Overcoming Oppression and Exploitation - Langston Hughes' Poems and James Cameron's 'Avatar'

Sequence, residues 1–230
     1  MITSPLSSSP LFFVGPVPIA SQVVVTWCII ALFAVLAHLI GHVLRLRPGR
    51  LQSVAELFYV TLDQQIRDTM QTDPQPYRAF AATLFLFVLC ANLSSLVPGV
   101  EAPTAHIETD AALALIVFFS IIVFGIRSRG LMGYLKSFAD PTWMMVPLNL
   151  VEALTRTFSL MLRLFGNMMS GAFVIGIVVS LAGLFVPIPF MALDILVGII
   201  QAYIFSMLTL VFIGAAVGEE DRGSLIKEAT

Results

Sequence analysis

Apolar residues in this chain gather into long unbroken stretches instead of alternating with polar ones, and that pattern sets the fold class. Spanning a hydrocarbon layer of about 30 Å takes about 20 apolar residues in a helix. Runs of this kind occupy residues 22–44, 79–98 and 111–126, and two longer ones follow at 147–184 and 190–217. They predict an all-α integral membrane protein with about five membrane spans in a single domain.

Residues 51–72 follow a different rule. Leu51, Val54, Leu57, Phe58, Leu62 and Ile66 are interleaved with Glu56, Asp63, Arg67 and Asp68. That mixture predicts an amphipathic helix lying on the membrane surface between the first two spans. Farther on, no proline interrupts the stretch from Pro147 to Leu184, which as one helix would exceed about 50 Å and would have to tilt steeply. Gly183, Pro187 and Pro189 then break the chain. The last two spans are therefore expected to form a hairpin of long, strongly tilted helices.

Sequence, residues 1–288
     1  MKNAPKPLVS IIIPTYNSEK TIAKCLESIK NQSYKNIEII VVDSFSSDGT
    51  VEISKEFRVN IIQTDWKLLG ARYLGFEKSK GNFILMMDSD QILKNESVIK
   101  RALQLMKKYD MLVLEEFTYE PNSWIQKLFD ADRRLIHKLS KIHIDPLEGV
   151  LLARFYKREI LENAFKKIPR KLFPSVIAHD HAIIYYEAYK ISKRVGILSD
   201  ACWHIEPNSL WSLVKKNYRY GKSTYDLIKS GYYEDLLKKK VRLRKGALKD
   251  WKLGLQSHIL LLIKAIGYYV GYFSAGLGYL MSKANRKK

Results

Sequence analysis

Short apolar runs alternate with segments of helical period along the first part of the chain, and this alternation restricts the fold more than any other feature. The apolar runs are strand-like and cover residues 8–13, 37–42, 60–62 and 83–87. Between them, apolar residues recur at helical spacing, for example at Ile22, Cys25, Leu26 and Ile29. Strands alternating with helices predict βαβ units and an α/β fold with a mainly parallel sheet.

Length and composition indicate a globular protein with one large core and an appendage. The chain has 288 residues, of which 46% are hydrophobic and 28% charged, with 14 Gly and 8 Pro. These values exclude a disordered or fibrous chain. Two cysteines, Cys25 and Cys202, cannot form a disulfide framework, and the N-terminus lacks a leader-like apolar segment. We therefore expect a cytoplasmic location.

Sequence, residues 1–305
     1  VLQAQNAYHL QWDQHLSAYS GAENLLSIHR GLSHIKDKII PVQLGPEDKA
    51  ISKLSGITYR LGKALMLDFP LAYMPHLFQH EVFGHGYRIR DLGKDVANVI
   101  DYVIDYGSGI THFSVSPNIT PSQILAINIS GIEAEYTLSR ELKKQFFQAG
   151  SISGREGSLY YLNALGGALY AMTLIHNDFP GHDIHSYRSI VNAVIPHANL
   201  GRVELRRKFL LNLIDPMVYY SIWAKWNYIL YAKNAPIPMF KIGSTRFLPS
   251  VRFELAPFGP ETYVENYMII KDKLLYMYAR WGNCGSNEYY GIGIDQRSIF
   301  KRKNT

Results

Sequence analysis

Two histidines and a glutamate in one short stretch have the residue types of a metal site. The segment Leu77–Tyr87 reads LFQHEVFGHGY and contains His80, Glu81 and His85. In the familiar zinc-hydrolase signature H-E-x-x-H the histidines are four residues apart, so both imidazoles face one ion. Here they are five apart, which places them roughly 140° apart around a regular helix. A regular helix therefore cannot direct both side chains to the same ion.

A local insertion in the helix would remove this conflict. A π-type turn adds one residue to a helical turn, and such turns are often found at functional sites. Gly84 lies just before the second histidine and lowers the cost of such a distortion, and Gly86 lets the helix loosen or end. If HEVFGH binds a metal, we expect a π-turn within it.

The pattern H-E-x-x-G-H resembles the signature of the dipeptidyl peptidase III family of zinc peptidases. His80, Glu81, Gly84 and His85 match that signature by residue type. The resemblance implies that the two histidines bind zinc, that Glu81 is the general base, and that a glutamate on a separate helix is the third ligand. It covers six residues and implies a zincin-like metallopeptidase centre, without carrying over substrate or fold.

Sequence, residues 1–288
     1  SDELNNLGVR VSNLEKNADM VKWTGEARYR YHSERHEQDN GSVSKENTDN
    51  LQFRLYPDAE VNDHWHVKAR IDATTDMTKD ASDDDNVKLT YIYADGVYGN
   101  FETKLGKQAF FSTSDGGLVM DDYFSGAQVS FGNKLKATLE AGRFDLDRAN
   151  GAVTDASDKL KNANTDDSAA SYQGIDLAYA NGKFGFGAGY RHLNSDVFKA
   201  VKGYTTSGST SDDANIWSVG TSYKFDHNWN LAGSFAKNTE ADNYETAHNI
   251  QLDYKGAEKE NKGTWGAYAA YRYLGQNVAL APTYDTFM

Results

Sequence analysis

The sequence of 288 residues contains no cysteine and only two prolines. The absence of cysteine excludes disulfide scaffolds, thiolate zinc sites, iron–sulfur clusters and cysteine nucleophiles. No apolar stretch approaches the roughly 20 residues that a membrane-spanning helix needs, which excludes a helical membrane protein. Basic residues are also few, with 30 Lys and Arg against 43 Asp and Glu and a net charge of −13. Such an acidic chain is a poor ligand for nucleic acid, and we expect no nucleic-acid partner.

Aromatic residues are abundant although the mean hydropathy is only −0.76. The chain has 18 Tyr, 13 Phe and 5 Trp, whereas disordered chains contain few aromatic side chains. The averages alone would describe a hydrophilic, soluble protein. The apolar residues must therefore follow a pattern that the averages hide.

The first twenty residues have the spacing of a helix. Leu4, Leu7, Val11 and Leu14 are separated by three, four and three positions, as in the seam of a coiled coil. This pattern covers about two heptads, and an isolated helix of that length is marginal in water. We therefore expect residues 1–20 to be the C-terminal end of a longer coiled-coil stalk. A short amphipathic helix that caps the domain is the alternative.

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Oppression and exploitation has been present in our world as far back as one can remember. The dictionary definition states that ‘Oppression is the exercise of authority or power in a burdensome, cruel, or unjust manner. It can also be defined as an act or instance of oppressing, the state of being oppressed, and the feeling of being heavily burdened, mentally or physically, by troubles, adverse conditions, and anxiety.’ People who feel oppressed can react in very diverse and opposing ways. Some grow from their experiences, gaining compassion and a stronger self-identity. Some others become bitter and reclusive and turn on those around them in hopes of feeling better about themselves. And many feel they are victims, rightly so. These are all completely normal reactions, but where do they lead us? Through two of Langston Hughes’s poems and James Cameron’s ‘Avatar’ I will discuss how oppressed people react to colonial conquest and exploitation, and how they become better people because of it. The painful ordeal of oppression and colonization turned the black people of Africa into a country of exiles and outcasts. For centuries the majority of African Americans had been kept in slavery in the Southern part of America. After the end of their enslavement the freed African Americans began to work towards political and social equality. However, the whites began to pass laws and legislations that were discriminatory. They established white supremacist regimes of segregation in the South and one-party block voting behind southern Democrats. African Americans were exploited as share croppers and labourers. Life in the South became increasingly difficult, and many turned to literature to voice their innermost thoughts and feelings. A literary interaction between black writers from different parts of the world was formed from their mutual suffering and hardship. The Harlem Renaissance, known at the time as the "New Negro Movement", was a cultural movement that happened...
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